Members of the State Board of Education have scheduled more of their Education Forums across Michigan. Those who have attended the earlier ones say that they are very interesting and well worth making the time to go. Check out the list to find an upcoming event near you!
Wednesday, April 24, Traverse City, 5:30-7:30 pm.
Education Forum, West Middle School, 3950 Silver Lake Road, Traverse City, MI. Sponsored by League of Women Voters of Grand Traverse Area, and Traverse City Area Public Schools, Contact: Donna Hornberger, dsh_44 (at) yahoo.com
Just before going on their two week spring break, the legislature moved along two key pieces of education legislation.
Two critical bills moved forward in the state House over the last few weeks. They will both have important effects on our public schools, but in different ways:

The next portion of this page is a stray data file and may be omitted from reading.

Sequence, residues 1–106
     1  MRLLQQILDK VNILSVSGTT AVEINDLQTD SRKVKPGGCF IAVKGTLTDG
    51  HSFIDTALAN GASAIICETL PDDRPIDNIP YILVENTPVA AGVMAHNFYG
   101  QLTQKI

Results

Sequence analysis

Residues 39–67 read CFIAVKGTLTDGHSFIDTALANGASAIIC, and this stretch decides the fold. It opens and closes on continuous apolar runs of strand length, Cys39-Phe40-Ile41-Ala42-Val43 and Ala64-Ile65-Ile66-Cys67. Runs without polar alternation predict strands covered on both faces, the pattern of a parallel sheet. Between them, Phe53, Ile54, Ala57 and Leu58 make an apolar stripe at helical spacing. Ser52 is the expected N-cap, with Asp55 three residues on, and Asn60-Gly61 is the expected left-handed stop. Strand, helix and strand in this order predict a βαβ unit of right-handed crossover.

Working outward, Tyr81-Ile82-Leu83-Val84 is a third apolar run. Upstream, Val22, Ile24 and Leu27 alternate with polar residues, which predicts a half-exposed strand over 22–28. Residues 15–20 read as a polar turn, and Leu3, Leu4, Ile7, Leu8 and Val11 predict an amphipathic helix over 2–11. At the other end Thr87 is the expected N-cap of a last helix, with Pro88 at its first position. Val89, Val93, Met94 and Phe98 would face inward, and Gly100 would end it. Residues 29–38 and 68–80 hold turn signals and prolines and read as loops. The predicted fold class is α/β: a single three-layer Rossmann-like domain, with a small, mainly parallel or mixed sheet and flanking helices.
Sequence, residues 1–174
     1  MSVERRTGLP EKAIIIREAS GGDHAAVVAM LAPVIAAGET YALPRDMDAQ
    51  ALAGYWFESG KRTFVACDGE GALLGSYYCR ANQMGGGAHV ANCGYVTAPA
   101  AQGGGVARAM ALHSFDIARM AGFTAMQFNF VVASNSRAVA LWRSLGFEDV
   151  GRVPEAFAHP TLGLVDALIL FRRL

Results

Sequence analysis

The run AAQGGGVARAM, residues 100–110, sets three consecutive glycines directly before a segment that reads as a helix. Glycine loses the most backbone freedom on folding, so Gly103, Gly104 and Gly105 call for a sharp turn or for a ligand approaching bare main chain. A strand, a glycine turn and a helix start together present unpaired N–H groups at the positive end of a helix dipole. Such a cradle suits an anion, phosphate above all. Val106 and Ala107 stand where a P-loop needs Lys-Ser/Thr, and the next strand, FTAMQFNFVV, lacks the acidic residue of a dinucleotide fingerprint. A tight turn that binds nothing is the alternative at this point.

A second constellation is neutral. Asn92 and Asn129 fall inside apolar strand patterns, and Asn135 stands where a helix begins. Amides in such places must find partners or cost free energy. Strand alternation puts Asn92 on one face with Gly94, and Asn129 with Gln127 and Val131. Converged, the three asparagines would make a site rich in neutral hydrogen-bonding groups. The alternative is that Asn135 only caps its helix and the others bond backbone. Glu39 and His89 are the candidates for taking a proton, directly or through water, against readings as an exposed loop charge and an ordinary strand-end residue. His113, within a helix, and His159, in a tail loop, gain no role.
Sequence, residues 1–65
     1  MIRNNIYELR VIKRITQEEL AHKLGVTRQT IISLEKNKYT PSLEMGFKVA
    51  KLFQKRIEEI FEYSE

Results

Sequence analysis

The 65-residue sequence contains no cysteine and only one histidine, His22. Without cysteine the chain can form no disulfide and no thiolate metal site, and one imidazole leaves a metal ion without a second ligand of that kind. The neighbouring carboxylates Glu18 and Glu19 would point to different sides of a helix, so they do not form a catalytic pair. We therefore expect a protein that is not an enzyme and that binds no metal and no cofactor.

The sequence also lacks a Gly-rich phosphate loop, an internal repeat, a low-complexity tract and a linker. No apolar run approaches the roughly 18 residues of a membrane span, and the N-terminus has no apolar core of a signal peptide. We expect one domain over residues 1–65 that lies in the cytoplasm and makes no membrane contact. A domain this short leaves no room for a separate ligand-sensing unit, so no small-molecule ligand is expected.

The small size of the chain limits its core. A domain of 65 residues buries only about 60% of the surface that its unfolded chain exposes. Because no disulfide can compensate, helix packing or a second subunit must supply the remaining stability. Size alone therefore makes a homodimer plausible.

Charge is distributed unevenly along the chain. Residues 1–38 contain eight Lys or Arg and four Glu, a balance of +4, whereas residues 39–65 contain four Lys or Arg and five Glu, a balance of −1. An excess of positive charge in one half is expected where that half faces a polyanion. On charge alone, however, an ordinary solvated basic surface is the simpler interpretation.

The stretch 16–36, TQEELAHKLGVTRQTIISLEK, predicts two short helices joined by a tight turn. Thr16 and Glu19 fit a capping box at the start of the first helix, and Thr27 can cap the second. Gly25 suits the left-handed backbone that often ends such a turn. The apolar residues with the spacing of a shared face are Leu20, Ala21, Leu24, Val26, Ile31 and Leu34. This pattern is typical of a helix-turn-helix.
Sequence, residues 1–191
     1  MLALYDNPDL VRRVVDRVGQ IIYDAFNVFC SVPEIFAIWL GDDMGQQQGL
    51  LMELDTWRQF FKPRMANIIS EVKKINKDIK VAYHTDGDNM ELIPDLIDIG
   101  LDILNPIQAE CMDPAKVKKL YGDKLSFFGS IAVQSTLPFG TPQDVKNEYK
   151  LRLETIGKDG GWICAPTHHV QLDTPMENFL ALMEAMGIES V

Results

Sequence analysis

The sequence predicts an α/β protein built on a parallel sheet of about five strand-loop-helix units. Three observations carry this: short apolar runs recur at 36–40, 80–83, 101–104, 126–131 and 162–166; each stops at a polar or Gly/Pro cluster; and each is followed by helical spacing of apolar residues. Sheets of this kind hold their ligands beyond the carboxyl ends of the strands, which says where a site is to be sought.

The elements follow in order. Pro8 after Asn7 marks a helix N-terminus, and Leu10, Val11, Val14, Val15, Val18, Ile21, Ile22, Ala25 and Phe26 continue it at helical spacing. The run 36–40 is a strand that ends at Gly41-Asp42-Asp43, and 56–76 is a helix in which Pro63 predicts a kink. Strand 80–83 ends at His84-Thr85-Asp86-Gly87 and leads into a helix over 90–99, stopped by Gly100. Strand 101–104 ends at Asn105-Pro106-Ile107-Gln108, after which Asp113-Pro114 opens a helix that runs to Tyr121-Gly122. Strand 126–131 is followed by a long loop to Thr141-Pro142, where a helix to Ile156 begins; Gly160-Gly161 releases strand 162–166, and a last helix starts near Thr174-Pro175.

- The House Appropriations subcommittee on School Aid passed a revised version of the Governor’s school aid budget proposal that maintains the same level of spending but actually increases the effective per-pupil cut for most districts.
- The House Education Committee reported out the EAA expansion bill on a mostly party-line vote, and the bill passed the full House just before the break after frantic lobbying by EAA supporters.
In his budget presentation to the State Legislature, Gov. Rick Snyder billed the education portion as making an investment in Michigan. He described increased spending on preschool – a good thing – and efforts to limit the costs of the public school employee pension system – the burden of which falls mostly on current and future retirees. But he also claimed that the state government had increased spending on K-12 education by 11% over the last four years, including his new proposal. He even had a slide to “illustrate” the point.